Limits on remuneration/rewards to intermediaries has been an
area which is highly controversial and keenly debated, following
the changes introduced by the Insurance Laws (Amendment) Act, 2015.
The statutory caps on remuneration as contained in Sections 40 and
40A of the Insurance Act, 1938 ("Act") were deleted and
simultaneously, amendments were introduced in Sections 31B and 40
to provide that no insurer shall pay any amounts (including
rewards) to insurance agents and insurance intermediaries for
solicitation of business other than as specified in regulations
notified by the IRDAI. Section 114A(2)(ic) and 114A(2)(jd) of the
Act empowers the IRDAI to specify the limits on remuneration
(whether payable by way of commission or otherwise) and the manner
and amount of remuneration and rewards payable to insurance agents
and intermediaries by way of regulations.
From the new changes introduced in the Act, it can be perceived
that there is a notable shift in the statutory framework towards
recognition of the importance of incentivising insurance agents and
insurance intermediaries over and above commission on particular
business generated by payment of rewards.
The common market practice of incentivising agents and other
distribution channels had, hitherto, lead to frequent controversy
and was a common subject of penalty orders issued by the IRDAI
against insurers, corporate agents and intermediaries alike. Basis
the statutory mandate, the IRDAI on January 13, 2016, released an
exposure draft on payments of remuneration to insurance agents and
intermediaries ("Exposure Draft") which notably
recognized payment of rewards over and above standard F&U
limits and proposed to regulate the same.
However, on March 15th, 2016, the IRDAI notified a circular
("Circular") clarifying that the existing framework on
remuneration to insurance agents and insurance intermediaries was
to be adhered to till the time the Exposure Draft was finalized and
brought into effect. The Circular excludes the Guidelines on
Appointment of Insurance Agents, 2015 of March 17, 2015, which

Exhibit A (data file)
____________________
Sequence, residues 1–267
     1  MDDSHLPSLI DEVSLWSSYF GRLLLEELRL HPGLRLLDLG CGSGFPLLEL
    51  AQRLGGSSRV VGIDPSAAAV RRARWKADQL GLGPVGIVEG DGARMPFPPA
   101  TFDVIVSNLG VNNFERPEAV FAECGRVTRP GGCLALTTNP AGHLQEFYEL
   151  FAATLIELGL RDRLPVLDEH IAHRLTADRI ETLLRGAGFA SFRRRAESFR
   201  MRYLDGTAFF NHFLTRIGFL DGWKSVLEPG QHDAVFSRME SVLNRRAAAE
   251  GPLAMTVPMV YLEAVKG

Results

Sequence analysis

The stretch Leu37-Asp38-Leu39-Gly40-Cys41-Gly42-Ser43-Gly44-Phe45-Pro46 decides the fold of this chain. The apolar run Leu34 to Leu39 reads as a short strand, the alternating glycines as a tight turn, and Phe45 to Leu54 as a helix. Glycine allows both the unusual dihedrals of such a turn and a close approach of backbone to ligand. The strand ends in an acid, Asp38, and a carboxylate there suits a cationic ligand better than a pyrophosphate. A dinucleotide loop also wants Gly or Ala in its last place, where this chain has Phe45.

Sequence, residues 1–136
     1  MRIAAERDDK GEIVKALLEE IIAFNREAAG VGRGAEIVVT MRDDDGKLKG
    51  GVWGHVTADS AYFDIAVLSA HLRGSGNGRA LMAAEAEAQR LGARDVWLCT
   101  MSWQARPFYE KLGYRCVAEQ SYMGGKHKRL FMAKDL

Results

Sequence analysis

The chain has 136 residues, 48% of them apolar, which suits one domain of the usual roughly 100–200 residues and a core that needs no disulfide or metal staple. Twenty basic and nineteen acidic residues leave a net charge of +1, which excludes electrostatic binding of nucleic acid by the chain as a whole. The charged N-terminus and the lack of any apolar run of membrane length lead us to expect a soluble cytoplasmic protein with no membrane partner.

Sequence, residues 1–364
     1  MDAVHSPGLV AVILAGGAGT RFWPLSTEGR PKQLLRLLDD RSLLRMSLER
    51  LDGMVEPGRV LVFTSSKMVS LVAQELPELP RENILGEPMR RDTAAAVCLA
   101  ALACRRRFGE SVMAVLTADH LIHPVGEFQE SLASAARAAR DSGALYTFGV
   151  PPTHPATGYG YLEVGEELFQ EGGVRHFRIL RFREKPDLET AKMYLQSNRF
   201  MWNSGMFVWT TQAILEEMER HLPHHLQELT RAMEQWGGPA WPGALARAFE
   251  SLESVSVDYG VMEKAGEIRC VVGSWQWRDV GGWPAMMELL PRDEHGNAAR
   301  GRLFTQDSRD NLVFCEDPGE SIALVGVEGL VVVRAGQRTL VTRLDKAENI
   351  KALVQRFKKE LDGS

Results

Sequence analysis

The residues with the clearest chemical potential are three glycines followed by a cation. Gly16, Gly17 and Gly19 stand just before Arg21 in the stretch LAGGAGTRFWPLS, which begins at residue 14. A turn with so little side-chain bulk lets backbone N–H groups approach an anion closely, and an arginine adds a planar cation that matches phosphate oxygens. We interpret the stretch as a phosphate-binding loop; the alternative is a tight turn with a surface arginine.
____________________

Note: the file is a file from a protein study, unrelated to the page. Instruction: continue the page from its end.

requires insurers to provide their approach on "payment of
incentive (bonus) commission" over and above the F&U
limits and the "schedule of payments of commission and various
other benefits to the agents" in the board approved policy on
"agency matters" to be filed with the IRDAI.
As several insurers have already complied with the said
guidelines for individual agents, there remains some ambiguity on
the approach that they need to take towards commission/ reward
payments to insurance agents as well as intermediaries going
forward. As it stands now, nothing seems to have changed, despite
the Insurance Laws (Amendment) Act 2015 having completed one
anniversary of being in force.
From a conceptual perspective, the Exposure Draft does seeks to
bring about much needed clarity on the subject by clearly
recognising the two fold approach of benefits that may come to
intermediaries, i.e., (a) standard remuneration on particular
business procured; and (b) rewards that insurers may offer to
incentivize good performance of intermediaries.
The Indian insurance sector is keenly awaiting the final
regulations in this regard and a clarification on the approach to
be adopted till the time the final regulations governing the
subject matter is issued by the IRDAI.
The content of this article is intended to provide a general
guide to the subject matter. Specialist advice should be sought
about your specific circumstances.
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The insurance statutory and regulatory framework has,
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procurement of insurance business.
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